Great photos are about a visual pause

Nikon D4, 14-24mm, ISO 100, ƒ/14, 1/320

I am reminded as I took in some tourist sights on The Big Island of Hawaii how a photograph is similar to these friends who have decided to have a picnic on the side of the road. They are enjoying the moment.

Nikon D4, 14-24mm, ISO 180, ƒ/14, 1/250

Here my friends Lily and her husband Philip enjoy looking for whales migrating off the coast of The Big Island.

Now driving down the road and just looking out the window might be closer to the video, but stopping and pausing is how a still image allows people to visually savor the moment.

Nikon D4, 14-24mm, ISO 720, ƒ/22, 1/250

Driving north from Kailua-Kona we stopped at Hawi Renewable Development Wind Farm. Lily’s hair is getting the wind treatment just as the windmills.

I am making notes in my head about locations like this one. I am noticing how the light is affecting the scene for this time of day. What if I could come back at sunrise or even sunset, would that improve the scene to have more visual impact.

In other words is there a better time of day to hit the visual pause button to stop and enjoying the scene more than this moment?

Nikon D4, 28-300mm, ISO 110, ƒ/6.3, 1/250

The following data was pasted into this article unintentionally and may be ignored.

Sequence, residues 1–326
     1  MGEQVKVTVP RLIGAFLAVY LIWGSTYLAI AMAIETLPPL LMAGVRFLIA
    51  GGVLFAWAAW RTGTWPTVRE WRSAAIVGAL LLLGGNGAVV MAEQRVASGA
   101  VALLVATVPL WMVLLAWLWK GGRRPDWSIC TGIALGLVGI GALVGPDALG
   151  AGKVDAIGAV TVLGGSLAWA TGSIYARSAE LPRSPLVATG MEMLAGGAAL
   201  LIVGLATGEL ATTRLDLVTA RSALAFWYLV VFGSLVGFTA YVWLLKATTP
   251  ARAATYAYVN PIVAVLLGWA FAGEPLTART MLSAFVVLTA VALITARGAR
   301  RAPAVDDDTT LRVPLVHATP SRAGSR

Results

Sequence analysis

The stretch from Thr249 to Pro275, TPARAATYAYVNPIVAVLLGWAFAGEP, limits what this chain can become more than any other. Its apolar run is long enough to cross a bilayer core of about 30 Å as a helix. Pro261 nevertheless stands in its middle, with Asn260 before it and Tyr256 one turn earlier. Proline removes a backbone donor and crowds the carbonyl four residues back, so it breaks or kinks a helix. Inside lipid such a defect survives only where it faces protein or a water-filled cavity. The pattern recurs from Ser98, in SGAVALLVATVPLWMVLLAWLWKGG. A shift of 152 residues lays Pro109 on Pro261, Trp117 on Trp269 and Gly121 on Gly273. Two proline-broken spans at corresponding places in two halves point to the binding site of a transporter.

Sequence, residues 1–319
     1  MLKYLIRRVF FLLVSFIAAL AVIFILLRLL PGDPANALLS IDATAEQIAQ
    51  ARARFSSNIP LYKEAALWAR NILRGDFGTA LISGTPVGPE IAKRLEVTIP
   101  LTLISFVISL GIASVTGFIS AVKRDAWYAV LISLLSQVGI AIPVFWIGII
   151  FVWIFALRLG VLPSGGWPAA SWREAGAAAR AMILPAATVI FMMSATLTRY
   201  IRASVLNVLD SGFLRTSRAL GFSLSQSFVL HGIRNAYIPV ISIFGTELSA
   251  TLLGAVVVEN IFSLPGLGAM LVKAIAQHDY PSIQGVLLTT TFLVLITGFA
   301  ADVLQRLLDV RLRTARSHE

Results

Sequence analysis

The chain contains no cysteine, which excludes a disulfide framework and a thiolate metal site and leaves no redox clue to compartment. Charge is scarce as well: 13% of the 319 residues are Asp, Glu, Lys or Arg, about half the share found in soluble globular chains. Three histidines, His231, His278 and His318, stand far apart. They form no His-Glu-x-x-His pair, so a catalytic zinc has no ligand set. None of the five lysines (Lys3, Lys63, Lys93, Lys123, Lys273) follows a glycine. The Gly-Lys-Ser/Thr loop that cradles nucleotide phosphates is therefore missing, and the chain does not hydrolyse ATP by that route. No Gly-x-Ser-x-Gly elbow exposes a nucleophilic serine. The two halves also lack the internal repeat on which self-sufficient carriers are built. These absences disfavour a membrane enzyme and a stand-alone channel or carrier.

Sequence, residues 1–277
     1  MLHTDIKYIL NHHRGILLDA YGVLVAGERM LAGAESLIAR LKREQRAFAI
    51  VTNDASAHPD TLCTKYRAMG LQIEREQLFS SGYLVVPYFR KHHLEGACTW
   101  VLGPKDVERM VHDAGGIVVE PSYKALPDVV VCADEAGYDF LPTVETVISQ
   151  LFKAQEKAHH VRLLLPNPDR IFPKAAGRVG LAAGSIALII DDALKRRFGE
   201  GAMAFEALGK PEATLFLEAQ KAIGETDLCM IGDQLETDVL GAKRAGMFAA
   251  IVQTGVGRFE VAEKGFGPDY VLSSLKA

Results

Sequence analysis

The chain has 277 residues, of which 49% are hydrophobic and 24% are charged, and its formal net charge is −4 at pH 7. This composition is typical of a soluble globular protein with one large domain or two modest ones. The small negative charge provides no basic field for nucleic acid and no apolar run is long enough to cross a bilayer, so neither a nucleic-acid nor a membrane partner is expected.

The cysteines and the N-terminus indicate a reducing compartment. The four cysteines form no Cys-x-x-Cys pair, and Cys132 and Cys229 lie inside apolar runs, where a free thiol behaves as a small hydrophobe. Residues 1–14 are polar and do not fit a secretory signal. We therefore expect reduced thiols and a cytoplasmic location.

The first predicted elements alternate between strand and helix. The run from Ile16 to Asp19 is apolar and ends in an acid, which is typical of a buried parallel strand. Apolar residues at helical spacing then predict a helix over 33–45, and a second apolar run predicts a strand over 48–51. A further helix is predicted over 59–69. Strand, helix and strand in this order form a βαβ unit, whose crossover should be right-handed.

Every morning here I am waking up to this scene. I walk past it on my way to breakfast. It is so peaceful and this is why I wanted to capture this and hold this memory forever.

Nikon D4, 28-300mm, ISO 250, ƒ/8, 1/250

I enjoy watching tourist as they experience new locations.

Nikon D4, 28-300mm, ISO 560, ƒ/8, 1/250

I encourage you to be like a tourist sometimes in your own hometown. Those things you walk by everyday can be things that just as you pause to enjoy will make others appreciate it just as much.

Is the photo better when I show the people on the stairs better to give perspective or is this closer shot better?

Sometimes we need to spend more time absorbing our surroundings so we can truly pause our bodies to allow us time to not just feel the peace but examine why this brings so much joy to our lives.

To capture moments that move others and not just ourselves we cannot expect a photo from a moving car to compare to the one where you stopped and did like the friends having a picnic did–stay long enough to allow the scene to permeate you completely and then you can decide the best lens, angle and composition that will capture something that truly moves not just you but others as well.